(Roughly) Daily

“My mother had a great deal of trouble with me, but I think she enjoyed it”*…

Courtesy of The Week, a look at the pecuniary consequences in the U.S. of “Happy Mother’s Day”…

$20.7 billion
The amount Americans will spend this Mother’s Day, according to the National Retail Federation’s Mother’s Day spending survey

85.4 million
Moms in the U.S., according to the latest stats from the United States Census Bureau

The average amount American consumers will spend on mom for Mother’s Day 2013

The average spending last year. This year’s figure is an 11 percent increase.

Mother’s Day’s ranking, after Christmas and Valentine’s Day, in terms of the amount of money spent by U.S. consumers…

More at “The economics of Mother’s Day: By the numbers.”

* Mark Twain


As we reassure ourselves that it’s the thought that counts, we might send nonsensical birthday greetings to Edward Lear; he was born on this date in 1812.  An accomplished “ornithological draughtsman,” Lear published his first work– Illustrations of the Family of Psittacidae, or Parrots— at age 19, a collection that was favorably compared to the work of Audubon.  But Lear is better remembered for his verse (and the illustrations he supplied to accompany it).  In 1846 he published A Book of Nonsense, a volume of limericks helped popularise the form.  In 1865 The History of the Seven Families of the Lake Pipple-Popple was published; and in 1867 his most famous piece of nonsense, The Owl and the Pussycat (which he wrote for the children of his patron Edward Stanley, 13th Earl of Derby). They were quite successful, and any other works followed.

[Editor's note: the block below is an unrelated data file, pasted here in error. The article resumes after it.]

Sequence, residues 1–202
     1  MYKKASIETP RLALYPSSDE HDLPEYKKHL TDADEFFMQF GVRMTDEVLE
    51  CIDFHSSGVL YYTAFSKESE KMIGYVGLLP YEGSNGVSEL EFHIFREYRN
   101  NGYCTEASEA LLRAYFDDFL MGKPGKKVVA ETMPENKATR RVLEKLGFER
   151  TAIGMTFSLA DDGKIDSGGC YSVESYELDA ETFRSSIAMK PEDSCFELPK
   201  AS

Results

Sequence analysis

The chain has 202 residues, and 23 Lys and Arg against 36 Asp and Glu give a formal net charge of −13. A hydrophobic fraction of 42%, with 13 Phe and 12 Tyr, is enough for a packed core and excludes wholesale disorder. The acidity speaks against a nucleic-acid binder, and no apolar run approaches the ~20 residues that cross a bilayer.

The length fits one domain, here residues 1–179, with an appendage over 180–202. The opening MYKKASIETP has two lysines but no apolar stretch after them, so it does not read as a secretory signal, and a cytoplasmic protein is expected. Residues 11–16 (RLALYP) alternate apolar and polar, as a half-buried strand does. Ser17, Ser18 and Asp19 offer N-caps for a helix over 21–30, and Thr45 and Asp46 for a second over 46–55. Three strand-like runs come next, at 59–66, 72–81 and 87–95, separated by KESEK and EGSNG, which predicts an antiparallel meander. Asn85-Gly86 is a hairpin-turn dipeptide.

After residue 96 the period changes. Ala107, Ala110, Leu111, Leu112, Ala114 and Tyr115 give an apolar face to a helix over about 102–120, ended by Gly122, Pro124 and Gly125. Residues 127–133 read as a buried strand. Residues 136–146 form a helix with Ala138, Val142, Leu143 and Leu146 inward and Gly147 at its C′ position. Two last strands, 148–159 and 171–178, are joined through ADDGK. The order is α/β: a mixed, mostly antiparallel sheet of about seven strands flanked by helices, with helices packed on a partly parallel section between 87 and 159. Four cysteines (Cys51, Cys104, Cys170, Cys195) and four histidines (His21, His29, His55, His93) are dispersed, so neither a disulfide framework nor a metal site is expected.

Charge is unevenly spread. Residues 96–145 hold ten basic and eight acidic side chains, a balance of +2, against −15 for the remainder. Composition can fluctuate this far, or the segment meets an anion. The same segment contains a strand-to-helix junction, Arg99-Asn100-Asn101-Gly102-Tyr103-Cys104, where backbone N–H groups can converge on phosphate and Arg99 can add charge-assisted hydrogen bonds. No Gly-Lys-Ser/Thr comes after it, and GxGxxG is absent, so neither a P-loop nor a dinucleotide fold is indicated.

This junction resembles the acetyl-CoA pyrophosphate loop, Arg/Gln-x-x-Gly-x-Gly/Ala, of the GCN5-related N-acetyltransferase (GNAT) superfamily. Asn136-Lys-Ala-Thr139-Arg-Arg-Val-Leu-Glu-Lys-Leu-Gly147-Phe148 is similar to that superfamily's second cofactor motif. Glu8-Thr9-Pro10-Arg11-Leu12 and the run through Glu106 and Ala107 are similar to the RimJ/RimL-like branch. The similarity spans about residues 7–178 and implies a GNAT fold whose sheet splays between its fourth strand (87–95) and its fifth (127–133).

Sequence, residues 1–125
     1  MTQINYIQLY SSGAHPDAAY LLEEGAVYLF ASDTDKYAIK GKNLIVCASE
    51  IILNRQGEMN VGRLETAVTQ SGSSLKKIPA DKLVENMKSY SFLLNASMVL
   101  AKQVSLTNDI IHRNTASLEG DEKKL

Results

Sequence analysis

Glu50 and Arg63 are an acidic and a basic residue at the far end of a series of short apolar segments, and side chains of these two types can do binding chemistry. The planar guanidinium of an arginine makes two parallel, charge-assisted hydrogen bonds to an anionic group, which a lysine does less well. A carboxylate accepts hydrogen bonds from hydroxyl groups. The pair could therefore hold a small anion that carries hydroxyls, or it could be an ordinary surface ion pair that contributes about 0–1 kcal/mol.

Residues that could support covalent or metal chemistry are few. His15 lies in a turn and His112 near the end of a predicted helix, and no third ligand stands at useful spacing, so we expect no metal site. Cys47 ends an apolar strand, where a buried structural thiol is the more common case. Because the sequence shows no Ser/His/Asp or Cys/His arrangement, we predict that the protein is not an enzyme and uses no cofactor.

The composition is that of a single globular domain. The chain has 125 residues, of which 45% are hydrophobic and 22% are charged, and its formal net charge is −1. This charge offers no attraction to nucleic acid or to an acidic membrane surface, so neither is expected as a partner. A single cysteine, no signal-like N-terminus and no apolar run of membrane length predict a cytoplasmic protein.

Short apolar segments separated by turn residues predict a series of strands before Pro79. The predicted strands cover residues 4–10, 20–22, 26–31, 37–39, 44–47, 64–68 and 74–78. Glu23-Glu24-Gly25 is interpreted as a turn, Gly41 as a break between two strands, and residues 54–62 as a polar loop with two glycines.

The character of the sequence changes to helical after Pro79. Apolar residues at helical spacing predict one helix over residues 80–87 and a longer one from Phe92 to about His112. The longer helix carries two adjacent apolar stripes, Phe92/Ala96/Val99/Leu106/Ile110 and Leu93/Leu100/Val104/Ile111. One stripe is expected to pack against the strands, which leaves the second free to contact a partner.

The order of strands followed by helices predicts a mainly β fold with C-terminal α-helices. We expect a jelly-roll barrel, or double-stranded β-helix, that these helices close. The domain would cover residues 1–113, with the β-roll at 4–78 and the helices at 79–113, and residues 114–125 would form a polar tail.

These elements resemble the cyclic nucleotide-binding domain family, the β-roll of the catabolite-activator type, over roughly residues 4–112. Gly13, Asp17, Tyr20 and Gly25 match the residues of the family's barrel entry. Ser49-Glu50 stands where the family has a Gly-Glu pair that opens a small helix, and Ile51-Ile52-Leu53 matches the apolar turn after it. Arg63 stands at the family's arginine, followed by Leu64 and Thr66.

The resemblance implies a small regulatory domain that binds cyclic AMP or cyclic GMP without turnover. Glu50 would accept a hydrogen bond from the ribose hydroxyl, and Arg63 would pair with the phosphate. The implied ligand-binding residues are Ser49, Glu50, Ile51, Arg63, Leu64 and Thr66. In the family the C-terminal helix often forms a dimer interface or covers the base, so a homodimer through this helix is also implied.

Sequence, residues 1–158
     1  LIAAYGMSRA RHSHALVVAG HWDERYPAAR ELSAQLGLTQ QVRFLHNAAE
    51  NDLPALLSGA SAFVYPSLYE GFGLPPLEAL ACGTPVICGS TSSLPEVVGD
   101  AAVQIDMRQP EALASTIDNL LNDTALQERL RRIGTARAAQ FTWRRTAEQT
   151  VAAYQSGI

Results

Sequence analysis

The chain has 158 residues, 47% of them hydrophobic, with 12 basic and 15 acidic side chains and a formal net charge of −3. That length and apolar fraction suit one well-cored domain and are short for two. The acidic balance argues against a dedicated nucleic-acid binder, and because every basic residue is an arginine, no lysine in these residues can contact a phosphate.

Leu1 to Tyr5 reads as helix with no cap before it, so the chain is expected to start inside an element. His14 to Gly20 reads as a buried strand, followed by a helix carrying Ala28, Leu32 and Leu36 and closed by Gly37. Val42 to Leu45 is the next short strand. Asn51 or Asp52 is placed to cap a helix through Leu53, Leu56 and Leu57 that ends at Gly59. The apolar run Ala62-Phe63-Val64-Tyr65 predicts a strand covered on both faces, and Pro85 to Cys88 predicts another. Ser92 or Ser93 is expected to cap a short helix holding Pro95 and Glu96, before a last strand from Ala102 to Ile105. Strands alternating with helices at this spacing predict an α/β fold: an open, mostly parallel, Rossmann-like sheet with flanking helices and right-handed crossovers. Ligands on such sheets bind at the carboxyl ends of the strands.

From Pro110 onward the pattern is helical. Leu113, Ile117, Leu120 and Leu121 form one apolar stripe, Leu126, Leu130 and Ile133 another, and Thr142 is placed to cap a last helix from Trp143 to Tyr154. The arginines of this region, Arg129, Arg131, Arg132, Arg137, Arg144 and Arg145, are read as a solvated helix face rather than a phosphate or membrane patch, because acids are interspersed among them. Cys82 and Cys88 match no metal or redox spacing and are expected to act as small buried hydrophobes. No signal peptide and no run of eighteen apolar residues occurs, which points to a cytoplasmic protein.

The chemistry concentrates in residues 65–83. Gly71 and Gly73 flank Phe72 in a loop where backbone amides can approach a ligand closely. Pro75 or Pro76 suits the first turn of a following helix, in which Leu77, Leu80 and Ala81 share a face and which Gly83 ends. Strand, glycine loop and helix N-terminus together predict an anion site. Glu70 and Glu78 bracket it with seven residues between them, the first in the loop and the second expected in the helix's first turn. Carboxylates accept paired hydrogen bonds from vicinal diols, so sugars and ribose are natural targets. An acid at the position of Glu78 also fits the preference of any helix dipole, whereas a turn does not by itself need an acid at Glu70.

Lear’s facility– his verbal inventiveness, his knowing liberties with poetic form– led many to suspect (a la Shakespeare) that his poems were actually the work of another, better-educated author: his patron.  (Conspiracy theorists noted that “Lear” is an anagram of “Earl”– so that “Edward Lear” might be code for “Edward, Earl”).  But Lear was real enough, and earned his place– alongside Lewis Carroll and W.S. Gilbert– as one of the great purveyors of nonsense of the Victorian Age.

And hand in hand, on the edge of the sand,
They danced by the light of the moon,
The moon,
The moon,
They danced by the light of the moon.

– St.3, The Owl and the Pussycat


Written by (Roughly) Daily

May 12, 2013 at 1:01 am

%d bloggers like this: